On the 180 Pro there are four rivets around the circumference, just behind the corrector plate - I'm not sure but these may anchor it. There are another 4 at the back, going through the side wall of the end cap and almost certainly securing it.

Bet the 180 Mak would be a right so 'n' so to do a tear-down on.

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I have to say I find therapy in taking bits back to their component parts (dad used to say I would strip down the universe if I were bored enough) but I am nervous of a 180 MAK as well.

I keep getting it out - considering it - then think 'nah' leave well alone :D

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Astro_Baby,

So you went and got yourself a Skymax 180 in the end?

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Thanks for the long-awaited general MAK anatomy lesson - Fascinating! I have (un)screwed the corrector plate of the 127 to drill some new holes in the OTA etc. I also needed to remove the focusser knob, to measure up for a DIY electric focusser. Came within a smidgen of watching the brass shaft etc. disappear into the OTA(?). FWIW I do now remember to keep OTA horizontal, when the knob is removed... :D

On the 180 Pro there are four rivets around the circumference, just behind the corrector plate - I'm not sure but these may anchor it. There are another 4 at the back, going through the side wall of the end cap and almost certainly securing it.
Heheh. To be strictly accurate (at least on the MAK 150 PRO) they are M2.5 "hex bolts" - I gave ONE [at the corrector end] a slight experimental twist, but that's as far as my courage / disgression allowed. :p Edited by Macavity

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Heheh. To be strictly accurate (at least on the MAK 150 PRO) they are M2.5 "hex bolts" - I gave ONE [at the corrector end] a slight experimental twist, but that's as far as my courage / disgression allowed. ;)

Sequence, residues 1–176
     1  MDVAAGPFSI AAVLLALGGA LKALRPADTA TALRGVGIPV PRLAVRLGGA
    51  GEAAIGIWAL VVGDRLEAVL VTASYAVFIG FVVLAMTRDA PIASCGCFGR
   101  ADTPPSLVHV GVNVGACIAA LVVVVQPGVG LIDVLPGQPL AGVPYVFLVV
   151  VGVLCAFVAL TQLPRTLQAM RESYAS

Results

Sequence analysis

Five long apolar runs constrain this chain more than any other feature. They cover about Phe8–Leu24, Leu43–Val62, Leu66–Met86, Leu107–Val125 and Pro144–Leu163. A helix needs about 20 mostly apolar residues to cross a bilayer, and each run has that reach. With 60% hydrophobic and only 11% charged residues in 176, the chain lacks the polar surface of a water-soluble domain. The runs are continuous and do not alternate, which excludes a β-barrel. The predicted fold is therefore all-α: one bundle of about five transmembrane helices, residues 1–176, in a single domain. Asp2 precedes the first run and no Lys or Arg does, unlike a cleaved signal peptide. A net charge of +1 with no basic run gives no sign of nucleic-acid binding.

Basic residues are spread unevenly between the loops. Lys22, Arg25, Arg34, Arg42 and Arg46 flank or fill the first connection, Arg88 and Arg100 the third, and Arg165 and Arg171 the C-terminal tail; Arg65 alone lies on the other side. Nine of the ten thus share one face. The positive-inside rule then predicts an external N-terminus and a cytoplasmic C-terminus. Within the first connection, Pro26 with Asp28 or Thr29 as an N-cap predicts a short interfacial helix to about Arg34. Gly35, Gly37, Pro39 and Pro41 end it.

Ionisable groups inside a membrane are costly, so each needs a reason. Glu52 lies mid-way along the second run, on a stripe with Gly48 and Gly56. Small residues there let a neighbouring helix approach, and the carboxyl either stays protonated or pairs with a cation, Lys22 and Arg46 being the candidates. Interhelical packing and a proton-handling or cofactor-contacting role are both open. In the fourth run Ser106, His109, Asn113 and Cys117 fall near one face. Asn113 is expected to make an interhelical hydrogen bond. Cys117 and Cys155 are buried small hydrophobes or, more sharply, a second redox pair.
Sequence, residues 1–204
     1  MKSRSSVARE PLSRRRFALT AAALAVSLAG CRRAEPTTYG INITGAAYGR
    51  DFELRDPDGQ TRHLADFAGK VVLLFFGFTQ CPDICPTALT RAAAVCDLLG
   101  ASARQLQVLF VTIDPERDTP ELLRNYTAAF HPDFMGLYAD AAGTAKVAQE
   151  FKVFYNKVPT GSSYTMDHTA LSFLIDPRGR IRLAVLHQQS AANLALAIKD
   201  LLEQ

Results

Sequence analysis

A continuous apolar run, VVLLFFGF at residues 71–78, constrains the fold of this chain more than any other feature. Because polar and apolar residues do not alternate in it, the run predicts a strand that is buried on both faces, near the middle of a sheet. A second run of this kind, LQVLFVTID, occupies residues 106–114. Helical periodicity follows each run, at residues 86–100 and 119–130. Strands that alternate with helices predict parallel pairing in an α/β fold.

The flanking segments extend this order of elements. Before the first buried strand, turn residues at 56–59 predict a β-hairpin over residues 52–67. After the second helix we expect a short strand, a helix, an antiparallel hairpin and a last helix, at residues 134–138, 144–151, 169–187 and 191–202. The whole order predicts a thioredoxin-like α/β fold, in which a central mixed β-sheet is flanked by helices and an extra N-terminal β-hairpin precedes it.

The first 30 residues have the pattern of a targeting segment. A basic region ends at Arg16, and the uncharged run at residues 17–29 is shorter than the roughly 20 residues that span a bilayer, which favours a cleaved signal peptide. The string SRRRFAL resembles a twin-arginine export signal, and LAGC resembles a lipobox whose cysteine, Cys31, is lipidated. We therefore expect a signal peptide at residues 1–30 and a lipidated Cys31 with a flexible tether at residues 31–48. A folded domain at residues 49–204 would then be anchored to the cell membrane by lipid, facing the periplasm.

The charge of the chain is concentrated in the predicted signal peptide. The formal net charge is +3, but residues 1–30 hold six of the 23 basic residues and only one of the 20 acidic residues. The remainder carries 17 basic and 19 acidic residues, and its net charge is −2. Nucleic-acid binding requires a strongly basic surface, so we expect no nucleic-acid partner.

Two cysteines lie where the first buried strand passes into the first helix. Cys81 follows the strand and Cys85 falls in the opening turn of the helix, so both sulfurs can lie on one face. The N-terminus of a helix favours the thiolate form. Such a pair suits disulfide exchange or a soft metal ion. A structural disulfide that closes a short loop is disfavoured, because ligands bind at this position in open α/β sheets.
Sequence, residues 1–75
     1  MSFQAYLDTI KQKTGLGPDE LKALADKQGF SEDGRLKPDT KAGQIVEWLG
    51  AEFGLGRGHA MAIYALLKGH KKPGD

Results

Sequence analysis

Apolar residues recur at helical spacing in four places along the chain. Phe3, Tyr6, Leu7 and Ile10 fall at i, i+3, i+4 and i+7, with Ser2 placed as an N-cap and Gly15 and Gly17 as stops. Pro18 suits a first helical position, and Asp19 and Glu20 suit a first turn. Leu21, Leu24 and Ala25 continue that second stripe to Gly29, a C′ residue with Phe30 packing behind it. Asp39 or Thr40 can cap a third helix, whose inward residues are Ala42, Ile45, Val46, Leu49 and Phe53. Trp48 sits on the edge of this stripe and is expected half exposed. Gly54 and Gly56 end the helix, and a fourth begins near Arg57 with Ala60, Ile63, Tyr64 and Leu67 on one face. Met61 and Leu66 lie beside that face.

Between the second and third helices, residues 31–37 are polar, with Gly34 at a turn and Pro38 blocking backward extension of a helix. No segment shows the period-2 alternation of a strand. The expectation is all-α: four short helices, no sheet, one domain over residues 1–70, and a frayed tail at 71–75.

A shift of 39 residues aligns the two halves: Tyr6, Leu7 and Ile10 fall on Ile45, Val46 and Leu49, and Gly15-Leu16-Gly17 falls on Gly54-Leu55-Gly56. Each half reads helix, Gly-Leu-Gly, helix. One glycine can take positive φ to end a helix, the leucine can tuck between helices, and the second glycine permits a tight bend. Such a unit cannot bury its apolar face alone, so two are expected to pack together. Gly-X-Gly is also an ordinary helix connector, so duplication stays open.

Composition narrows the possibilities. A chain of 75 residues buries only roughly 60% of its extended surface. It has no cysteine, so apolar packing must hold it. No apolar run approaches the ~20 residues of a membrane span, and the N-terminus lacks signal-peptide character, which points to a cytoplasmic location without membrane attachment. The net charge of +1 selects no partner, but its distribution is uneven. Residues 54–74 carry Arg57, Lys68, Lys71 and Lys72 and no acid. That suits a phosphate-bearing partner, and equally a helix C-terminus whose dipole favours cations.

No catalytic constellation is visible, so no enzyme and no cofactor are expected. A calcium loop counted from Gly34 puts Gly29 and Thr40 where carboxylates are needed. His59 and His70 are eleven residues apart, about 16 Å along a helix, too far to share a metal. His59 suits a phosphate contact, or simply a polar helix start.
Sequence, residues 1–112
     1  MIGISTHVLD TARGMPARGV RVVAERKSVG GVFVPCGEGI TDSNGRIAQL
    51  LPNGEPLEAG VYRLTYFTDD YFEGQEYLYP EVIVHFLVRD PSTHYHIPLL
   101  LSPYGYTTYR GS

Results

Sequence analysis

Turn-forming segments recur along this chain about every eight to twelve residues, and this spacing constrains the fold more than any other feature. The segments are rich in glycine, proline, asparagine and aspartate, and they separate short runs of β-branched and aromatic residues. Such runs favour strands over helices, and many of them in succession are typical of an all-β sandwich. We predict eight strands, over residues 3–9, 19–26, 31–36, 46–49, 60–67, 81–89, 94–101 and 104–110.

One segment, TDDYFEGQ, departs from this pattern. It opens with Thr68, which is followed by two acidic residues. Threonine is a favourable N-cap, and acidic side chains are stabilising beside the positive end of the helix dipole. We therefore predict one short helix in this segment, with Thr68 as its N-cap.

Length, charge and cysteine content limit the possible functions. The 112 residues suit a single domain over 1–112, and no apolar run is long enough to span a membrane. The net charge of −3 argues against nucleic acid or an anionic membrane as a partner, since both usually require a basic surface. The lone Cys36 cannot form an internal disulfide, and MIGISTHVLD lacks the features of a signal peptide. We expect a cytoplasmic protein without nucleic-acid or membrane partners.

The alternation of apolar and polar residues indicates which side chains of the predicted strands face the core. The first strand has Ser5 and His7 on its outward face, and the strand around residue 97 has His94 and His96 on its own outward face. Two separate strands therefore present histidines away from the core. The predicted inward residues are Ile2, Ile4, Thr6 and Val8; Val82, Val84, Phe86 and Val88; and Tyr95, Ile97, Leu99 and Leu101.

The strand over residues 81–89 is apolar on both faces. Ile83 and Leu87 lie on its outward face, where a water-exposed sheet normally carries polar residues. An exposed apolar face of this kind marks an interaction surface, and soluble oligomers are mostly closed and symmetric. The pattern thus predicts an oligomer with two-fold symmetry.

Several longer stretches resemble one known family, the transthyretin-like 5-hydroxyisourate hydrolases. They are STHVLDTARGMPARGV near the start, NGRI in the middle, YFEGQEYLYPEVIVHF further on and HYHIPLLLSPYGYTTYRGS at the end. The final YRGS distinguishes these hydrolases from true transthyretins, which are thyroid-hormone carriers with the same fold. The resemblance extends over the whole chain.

Yuup! You're right. Dead tiny hex bolts.

Should've double checked before posting. :)

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Well I kind of inherited a SkyMax 180 ED Pro - its a very long story and this scope has had more owners than you would believe. None of them yet (me included) have ever gotten to use the wretched thing. Its like pass the parcel.

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Should've double checked before posting. :)
Not at all! I'd've probably drilled 'em out by now. LOL. I do casually wonder if the end cell is threaded - like the smaller MAKs, and they just help locate it consistently. Or maybe indeed they do hold the whole thing on... ;) Edited by Macavity

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Nice work, thanks for posting the photographs - Very useful. I managed to buy myself a Skymax 90 on Fleabay at the weekend for peanuts, complete with aluminium case & tripod etc.

I made a clean area in the kitchen this afternoon, and following your post I stripped the Skymax down and gave it a good clean. It was also full of black grease, flaming nightmare to get clean I can tell you!

Unfortuntely mine also as a split O Ring, thankfully it's gone back together perfectly and a dab of superglue work a treat for repairing the O Ring.

End result - I now have a lovely clean Skymax 90 in perfect condition.

Many thanks

Mark

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I think I was watching that one, a goto?

I'm glad it went for a bargain price and I really glad that my report was helpful to you.

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Just had another look at this thread, how is the front of the Mak held in place ?.

Is it a push fit or is it screwed into place like the rear.

Paul

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Excellent and very useful. I was having this very conversation about collimating Mak's with Steve at the last Adur meeting. Is it the larger screws that hold the rear plate on and the small the collimating screws or vice versa ?

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Paul / John,

The front lens housing screws off, the rear is held on by the large allen bolts (three smaller one's are for collimation).